Wednesday, October 1, 2014

TFBT: Random Notes from Iliad XVI

I read Book XVI today; the Death of Patroclus. It rained buckets naturally so it wasn’t difficult to decided to stay inside and read. Very sad. This time my emphasis was on looking for similes and metaphors. Particularly after just reading Rhesus I noted how often the Achaians are compared to a pack of wolves 155-164,276,351-355 making Dolon’s choice of apparel even more untimely and inappropriate. Here also glorious Homer compares men to trees; 482-4,632-5,765-771.  I noted with sadness that Patroclus and Hector are compared to wild animals fighting and dying “over a little spring of water” (825)


till I (Zeus) have accomplished the desire of the son of Peleus, according to the promise I made by bowing my head on the day when Thetis touched my knees and besought me to give Achilles, ransacker of cities, honor.” Iliad 15.74  I just find that pretty


have you had news from Phthia?” Iliad 16.13  In recent discussions at Hour 25, Janet asked if there weren’t any trips back and forth to Greece in all those long nine and a half years.  Achilles question above makes it appear that such travel was conceiveable thing to the Achaeans before Troy.

Did I notice Homeric plagarism?  Preparing for a discussion tomorrow I re-read Book XVI of the Iliad and found;  “the mighty slayer of Argos was enamored of her as he saw her among the singing women at a dance held in honor of Artemis the rushing huntress of the golden arrows; he therefore – Hermes, giver of all good – went with her into an upper chamber,”  Iliad 16.181  Now compare to the Homer Hymn to Aphrodite 117 “But then, the one with the golden wand, the Argos-killer, abducted me, taking me from a festival of song and dance in honor of Artemis, the one with the golden arrows.”

They came swarming out like wasps whose nests are by the roadside, and whom silly children love to tease, whereon any one who happens to be passing may get stung – or again, if a wayfarer going along the road vexes them by accident, every wasp will come flying out  in a fury to defend his little ones- even with such rage and courage did the Myrmidons swarm from their ships, Iliad 16.259  Just another line of poetry I thought pretty.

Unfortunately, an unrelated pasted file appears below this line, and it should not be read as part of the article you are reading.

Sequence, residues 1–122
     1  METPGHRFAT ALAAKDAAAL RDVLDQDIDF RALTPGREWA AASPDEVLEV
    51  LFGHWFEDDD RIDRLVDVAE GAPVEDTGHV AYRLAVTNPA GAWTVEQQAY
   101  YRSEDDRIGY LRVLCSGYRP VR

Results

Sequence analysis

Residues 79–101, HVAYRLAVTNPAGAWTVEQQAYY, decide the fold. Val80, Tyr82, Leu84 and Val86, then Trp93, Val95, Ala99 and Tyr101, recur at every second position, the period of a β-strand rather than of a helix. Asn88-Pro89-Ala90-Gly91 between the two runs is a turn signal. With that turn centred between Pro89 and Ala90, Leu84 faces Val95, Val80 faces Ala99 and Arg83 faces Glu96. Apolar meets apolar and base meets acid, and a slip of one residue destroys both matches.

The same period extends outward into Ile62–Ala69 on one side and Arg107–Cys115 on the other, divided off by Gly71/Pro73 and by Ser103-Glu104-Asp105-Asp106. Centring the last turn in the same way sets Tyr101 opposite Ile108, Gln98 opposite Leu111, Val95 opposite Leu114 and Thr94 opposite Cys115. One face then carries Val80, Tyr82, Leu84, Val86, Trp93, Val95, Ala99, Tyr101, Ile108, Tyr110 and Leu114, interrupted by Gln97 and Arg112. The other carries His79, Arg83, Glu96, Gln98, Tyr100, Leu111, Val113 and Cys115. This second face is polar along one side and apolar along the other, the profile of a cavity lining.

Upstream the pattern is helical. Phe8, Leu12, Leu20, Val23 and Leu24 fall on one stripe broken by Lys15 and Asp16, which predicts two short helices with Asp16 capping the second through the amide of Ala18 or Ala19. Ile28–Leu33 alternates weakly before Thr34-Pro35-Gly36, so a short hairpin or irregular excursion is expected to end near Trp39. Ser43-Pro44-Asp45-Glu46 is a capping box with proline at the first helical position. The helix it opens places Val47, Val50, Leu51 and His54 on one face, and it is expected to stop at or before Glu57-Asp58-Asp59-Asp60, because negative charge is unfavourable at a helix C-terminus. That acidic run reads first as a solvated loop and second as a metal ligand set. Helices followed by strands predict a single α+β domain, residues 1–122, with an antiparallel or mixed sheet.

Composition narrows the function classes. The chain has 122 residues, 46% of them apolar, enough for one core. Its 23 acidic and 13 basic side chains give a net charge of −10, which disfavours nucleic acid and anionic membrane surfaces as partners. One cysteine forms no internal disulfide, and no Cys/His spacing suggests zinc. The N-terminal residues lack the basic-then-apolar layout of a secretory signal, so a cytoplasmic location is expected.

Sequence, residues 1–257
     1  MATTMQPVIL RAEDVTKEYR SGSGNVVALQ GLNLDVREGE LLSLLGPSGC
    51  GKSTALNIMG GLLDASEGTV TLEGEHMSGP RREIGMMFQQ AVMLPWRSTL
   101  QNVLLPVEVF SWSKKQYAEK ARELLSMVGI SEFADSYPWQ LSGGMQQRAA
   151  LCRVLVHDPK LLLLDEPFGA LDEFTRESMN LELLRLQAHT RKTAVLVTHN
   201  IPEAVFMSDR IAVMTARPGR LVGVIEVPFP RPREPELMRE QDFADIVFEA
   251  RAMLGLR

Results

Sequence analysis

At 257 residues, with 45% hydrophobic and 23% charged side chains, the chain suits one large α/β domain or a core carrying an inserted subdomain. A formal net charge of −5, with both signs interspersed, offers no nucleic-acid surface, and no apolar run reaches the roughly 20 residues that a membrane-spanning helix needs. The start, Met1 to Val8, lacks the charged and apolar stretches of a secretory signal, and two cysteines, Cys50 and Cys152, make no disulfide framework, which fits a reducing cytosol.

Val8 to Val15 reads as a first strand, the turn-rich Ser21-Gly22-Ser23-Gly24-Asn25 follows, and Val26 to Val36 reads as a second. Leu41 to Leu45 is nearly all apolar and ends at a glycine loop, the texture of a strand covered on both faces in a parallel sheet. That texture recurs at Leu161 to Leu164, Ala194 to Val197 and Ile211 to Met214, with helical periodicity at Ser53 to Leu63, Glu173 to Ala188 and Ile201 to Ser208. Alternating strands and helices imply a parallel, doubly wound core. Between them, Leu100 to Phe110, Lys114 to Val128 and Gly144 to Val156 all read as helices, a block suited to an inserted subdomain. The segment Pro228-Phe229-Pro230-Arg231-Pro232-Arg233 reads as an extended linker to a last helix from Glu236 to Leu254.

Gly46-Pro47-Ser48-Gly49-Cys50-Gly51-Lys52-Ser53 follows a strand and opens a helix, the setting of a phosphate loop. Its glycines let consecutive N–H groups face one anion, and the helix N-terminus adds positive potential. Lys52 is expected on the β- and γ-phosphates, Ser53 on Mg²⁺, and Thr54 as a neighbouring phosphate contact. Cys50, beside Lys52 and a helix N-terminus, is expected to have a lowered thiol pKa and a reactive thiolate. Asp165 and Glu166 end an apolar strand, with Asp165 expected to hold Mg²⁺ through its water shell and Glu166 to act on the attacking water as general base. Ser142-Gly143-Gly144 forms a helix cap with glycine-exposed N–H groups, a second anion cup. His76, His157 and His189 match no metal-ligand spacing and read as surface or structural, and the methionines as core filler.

1. I cannot quite understand Homer's attitude to war. Sometimes he is glorifying it, sometimes, as in the "wild animals" verses, he points out that it is not only devastating and futile but also dehumanizing.
    When (in another scroll) Hector wishes that his son would return victorious from the battlefield, I think I see Homer portraying (and lamenting) the intellectual limitation of heroes that doomed their civilization. But maybe these are just my thoughts, not Homer's.

  2. Maya,
    I thing I have noticed about Homer is his humanization of war. Those who die do not go down to Hades damp home un-named. Homer makes sure we know who they are, oftenwhere they are from and who their family is. Homer had to sing about a certain culture to a certain culture. His characters reflect those culture. They are the clay he must work with regardless of how we or he feel.


  3. He humanizes those who die in war. I am not sure, however, that he humanizes war itself.
    This is from Scroll 7, 420ff. Achaeans and Trojans have made a truce to collect the dead:

    "The sun was beginning to beat upon the fields, fresh risen into the vault of heaven from the slow still currents of deep Oceanus, when the two armies met. They could hardly recognise their dead..."

    Enemies are indistinguishable, and it is difficult to uphold any justification for the mutual killing.